Security by obscurity simply doesn’t exist. It’s a myth. Instead, we need to look to open source and open security. With thousands of eyeballs on a piece of code rather than tens, we’ve got a much better chance of engineering something more robust. Just think about the unnecessary complexity of mainstream proprietary software – where ‘new’ products are built on the foundations of legacy versions – versus the clean, clear Darwinism of open source. The open source community is 100 per cent focused on quality and usability. There are no internal decisions made on feature sets for commercial reasons, politics or other corporate dynamics, in open source it’s all about doing what’s best for the software itself and the end-user community.
What’s more, thanks to the strength, dedication, and sheer size of the open source community, security flaws are routinely fixed within hours of discovery. It’s not uncommon to have a rolling process producing and making available near-real-time updates – i.e. Linux Debian security model.
It’s in the silicon
The software in so many embedded devices contains a potentially fatal original sin: it’s not signed. This means that attackers can reverse engineer the code, modify it, reflash the firmware, and reboot to execute arbitrary code – see Ukraine’s incident above. So what can be done? After all, software on the device needs to be updateable so that vendors can apply security patches.
The answer is to ensure that the system boots up only if the software to execute is cryptographically signed by a trusted entity – i.e. the vendor. It needs to match on the other side with a public key or certificate which is somehow hard-coded into hardware, so it is virtually irreplaceable. By anchoring this ‘root of trust’ into the hardware, it becomes extremely difficult to tamper with firmware. A determined attacker might still be able to extract the original firmware via JTAG, for example, reverse engineer and modify it but it won’t match the public key burned into the hardware, so the first stage of the boot up will fail, and the system will refuse to come to life.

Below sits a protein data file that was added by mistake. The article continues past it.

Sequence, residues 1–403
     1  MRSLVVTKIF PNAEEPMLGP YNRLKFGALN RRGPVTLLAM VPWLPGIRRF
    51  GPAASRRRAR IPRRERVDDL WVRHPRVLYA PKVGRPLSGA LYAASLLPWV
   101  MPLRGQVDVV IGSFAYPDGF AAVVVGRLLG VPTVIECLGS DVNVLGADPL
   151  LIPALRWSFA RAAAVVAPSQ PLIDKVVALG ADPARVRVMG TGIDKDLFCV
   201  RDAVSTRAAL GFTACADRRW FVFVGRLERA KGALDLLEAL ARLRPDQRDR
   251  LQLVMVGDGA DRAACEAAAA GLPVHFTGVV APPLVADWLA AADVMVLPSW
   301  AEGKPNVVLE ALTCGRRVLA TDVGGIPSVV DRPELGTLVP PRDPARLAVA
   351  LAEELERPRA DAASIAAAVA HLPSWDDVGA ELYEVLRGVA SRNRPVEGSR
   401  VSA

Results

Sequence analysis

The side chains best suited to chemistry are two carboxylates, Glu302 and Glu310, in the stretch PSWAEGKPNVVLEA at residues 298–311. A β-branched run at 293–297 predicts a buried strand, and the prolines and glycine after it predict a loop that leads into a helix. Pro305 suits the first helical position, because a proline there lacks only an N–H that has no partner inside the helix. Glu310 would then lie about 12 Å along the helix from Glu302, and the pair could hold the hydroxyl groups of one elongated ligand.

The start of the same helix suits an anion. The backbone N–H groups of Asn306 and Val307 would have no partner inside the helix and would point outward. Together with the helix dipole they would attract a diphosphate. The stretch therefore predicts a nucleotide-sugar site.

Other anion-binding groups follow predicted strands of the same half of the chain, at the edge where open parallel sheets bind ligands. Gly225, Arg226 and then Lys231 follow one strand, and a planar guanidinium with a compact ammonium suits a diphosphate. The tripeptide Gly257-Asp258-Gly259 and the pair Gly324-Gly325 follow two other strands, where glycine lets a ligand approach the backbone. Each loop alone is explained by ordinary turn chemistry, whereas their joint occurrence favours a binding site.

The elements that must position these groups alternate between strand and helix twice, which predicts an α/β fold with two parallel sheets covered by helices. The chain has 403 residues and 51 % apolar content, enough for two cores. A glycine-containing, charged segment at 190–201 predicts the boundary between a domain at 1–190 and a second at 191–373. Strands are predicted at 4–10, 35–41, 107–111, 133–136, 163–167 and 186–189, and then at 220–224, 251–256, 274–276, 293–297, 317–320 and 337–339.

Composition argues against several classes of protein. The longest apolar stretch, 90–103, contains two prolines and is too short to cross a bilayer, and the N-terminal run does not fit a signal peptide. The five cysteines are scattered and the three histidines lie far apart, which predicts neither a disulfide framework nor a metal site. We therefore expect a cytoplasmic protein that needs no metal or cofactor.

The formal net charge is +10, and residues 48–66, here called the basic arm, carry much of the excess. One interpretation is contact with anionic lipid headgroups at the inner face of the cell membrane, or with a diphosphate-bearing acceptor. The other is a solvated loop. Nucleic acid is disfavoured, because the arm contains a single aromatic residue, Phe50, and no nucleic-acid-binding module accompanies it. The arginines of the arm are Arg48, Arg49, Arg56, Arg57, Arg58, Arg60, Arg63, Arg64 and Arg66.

It won’t be an easy feat, but it is possible, and once the root of trust has been established, that initial piece of software will make identity and integrity checks with the next piece in the boot chain and so on until the system is fully and securely operational – the integrity check will eventually continue at runtime to make sure no modifications are applied after boot.
Security by separation
Too many embedded systems allow for lateral movement within the hardware, allowing attackers to jump across non-critical and critical subsystems inside until they find a way to exploit what they’re really after. It’s understandable that manufacturers are trying to rationalise, collapsing as many functions as possible within one single piece of hardware – i.e. board or SoC. But from a software perspective, there’s no reason why these separate functional domains should be visible to each other. It shouldn’t be possible to access an airplane flight control system via its on-board entertainment platform, for example, or a car’s brakes and assisted steering wheel from the car stereo unit.
Let’s make no mistake – it’s a journey the industry must take if it has any hope of managing the potentially fatal security issues which have broken the Internet of Things.